- Make sure the hole is small. The size of the tufted titmouse nesting box entrance hole must be 1-1 1/4 of an inch wide. To ensure that Tufted Titmice use your box exclusively, the entrance hole must be the correct size. If it’s too big, other birds (like sparrows) might use the nest instead.
- Don’t use a perch. Cavity-dwelling birds like the tufted titmouse do not require a nest. It may dissuade these songbirds from using your box because it serves as a threat to their safety. Perches make it a little easier for predators to climb inside for a snack.
- Ensure that it’s a perfect size. The ideal size titmouse nesting box should measure 8 inches tall with an interior dimension of 4-inches by 5 1/2 inches. If you make it too large, you invite other birds to use the box, and it won’t keep the eggs as warm as they need to be to incubate.
Alternatively, check out this pictured resource where you can building a birdhouse for the tufted titmouse bird in no time!
Tufted Titmouse Eggs
Tufted Titmouse eggs are tiny, measuring only 0.72 inches wide and are 0.55 inches long. They vary from white to creamy white and are dotted with deep red or purple spots. During one breeding season, titmice lay up to 2 broods of eggs per breeding season. Each clutch size consists, on average, of around four eggs.
Once the female finishes laying her eggs, the tufted titmouse incubation period lasts around two weeks. During the incubation period, the male titmouse feeds the female as she sits on the nest. Once the eggs hatch, the tufted titmouse nestlings stay in the nest for 16 days. Nestlings live on a protein-rich diet of caterpillars, snails, wasps, mealworms, and other insects before gaining enough strength to leave the nest eventually.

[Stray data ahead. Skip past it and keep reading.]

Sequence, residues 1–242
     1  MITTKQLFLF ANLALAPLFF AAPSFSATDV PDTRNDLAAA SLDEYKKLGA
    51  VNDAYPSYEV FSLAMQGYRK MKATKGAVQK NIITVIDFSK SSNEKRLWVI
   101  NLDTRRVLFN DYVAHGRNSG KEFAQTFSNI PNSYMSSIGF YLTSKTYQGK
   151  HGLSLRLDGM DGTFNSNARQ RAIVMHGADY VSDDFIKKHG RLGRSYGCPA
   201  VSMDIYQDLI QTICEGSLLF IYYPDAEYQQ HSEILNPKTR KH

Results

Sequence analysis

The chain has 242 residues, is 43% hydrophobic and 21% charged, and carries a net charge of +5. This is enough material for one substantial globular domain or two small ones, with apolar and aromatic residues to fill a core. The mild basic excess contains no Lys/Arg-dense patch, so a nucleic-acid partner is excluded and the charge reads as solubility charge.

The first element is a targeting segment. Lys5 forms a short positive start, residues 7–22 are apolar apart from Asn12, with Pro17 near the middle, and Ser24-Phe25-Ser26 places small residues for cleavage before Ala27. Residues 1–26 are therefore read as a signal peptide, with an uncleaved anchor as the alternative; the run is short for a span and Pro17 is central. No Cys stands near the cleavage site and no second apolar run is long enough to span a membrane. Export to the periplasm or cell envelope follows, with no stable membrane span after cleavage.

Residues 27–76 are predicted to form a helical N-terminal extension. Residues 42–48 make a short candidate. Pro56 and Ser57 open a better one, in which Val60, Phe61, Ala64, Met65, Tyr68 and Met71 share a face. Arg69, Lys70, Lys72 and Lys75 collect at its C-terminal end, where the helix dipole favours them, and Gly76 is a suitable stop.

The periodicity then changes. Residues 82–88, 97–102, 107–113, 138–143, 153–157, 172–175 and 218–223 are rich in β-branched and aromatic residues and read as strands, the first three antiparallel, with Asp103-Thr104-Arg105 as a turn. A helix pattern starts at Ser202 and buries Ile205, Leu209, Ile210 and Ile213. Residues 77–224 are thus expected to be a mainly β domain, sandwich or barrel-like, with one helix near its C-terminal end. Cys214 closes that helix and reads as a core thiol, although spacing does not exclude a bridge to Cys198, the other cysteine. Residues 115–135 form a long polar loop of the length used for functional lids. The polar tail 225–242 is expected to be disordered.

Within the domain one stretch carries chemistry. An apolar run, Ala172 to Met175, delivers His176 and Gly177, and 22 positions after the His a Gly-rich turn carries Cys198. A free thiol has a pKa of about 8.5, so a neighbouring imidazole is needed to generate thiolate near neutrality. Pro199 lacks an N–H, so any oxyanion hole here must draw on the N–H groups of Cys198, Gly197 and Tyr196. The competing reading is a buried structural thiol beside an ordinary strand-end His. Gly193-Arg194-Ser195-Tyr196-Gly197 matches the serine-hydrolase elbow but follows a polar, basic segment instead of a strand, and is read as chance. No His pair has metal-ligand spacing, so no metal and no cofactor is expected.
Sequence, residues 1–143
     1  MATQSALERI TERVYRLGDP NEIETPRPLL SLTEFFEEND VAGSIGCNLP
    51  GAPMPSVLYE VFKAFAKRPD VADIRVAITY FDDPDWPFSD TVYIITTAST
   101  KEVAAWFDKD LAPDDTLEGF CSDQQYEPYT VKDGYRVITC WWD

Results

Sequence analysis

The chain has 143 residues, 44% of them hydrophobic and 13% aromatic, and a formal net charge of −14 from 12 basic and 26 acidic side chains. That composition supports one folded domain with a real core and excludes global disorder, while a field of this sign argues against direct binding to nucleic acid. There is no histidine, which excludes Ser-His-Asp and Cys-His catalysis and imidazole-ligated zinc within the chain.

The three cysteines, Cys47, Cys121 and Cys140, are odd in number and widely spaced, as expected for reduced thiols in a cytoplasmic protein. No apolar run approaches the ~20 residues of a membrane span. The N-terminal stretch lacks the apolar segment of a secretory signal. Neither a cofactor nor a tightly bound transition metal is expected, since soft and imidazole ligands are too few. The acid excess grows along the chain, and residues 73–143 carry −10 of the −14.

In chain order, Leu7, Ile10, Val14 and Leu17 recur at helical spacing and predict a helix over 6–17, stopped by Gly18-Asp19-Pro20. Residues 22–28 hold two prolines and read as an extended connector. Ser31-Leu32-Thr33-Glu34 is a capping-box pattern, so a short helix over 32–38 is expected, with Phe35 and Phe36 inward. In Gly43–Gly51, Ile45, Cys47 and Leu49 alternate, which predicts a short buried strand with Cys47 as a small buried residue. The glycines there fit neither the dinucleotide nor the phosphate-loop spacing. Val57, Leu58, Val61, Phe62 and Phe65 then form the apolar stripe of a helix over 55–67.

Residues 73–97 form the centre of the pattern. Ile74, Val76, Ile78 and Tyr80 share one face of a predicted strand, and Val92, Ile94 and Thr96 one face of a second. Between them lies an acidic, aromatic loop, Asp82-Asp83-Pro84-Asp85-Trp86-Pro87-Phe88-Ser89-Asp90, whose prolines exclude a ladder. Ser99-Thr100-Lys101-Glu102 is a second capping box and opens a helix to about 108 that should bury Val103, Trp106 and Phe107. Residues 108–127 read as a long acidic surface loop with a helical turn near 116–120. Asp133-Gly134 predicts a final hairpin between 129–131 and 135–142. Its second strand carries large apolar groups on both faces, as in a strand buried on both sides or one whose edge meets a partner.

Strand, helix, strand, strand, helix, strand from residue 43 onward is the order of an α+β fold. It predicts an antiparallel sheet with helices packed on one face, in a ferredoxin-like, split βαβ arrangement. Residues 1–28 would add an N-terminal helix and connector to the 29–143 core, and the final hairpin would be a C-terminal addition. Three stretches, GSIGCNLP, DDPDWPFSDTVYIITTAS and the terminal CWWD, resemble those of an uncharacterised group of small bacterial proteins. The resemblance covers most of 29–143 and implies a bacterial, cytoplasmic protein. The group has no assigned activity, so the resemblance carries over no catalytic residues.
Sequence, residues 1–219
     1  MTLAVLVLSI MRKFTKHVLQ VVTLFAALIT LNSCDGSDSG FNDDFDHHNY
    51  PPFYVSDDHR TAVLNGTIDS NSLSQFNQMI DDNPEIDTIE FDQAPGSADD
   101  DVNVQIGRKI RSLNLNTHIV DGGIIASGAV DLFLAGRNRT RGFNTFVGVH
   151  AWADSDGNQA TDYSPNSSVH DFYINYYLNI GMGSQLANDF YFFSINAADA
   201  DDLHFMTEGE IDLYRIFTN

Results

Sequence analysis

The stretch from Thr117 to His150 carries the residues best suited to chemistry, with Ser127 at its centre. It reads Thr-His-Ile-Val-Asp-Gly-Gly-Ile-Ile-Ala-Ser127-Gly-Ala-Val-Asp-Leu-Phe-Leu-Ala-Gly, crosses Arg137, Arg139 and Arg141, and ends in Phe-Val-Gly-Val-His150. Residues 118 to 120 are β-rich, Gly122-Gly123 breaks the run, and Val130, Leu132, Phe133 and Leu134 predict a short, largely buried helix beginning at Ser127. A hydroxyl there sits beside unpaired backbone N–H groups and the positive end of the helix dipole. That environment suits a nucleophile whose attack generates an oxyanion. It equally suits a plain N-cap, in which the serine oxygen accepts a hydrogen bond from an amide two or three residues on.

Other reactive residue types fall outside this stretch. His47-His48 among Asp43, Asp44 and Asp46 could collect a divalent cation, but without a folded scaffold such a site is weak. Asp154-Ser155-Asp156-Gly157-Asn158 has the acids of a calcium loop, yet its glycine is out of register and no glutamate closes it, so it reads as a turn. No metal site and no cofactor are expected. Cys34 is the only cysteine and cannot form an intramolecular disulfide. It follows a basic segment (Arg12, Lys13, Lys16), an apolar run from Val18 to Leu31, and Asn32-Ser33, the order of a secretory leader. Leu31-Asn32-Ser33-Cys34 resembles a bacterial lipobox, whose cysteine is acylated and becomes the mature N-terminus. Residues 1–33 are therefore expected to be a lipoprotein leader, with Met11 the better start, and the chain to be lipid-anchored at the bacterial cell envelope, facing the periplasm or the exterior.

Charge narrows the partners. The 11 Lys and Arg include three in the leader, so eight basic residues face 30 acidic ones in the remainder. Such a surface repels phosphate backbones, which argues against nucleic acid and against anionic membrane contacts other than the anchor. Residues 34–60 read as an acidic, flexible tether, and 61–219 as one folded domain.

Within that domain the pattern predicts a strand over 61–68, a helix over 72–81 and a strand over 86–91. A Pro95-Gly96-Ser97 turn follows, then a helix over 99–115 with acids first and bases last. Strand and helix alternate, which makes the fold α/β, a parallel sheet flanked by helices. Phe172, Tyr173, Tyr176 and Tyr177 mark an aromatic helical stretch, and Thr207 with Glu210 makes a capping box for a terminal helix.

Tufted Titmouse Diet
Their diet consists of a blend of both bugs and seeds. Young titmice need more protein in their diet and live on a bug diet. After they fledge the nest, they eat a more diverse diet of bugs and seeds. If you want to entice the tufted titmouse bird and get them to visit your backyard space, hang some bird-feeders filled with sunflower seeds- it’s their favorite food!
You can attract them to your backyard in the cooler winter months with suet cakes. Mealworm suet cakes provide an extra protein boost in the winter when they need it most.
How to Attract Tufted Titmice to Your Backyard
Everyone loves hearing the peter-peter-peter call of the tufted titmouse early in the morning. To attract these skilled songbirds into your backyard, finding the food they love most is vital! While they sometimes show up at bird-feeders with a classic songbird blend, they are there for the sunflower seeds.
Opt for seed blends that incorporate more sunflower seeds to attract titmice rather than cracked corn exclusively. Another great way to attract these North American birds to your backyard is to ensure that you have a clean bird bath and a titmouse house ready to take on a new family of songbirds in the next breeding season!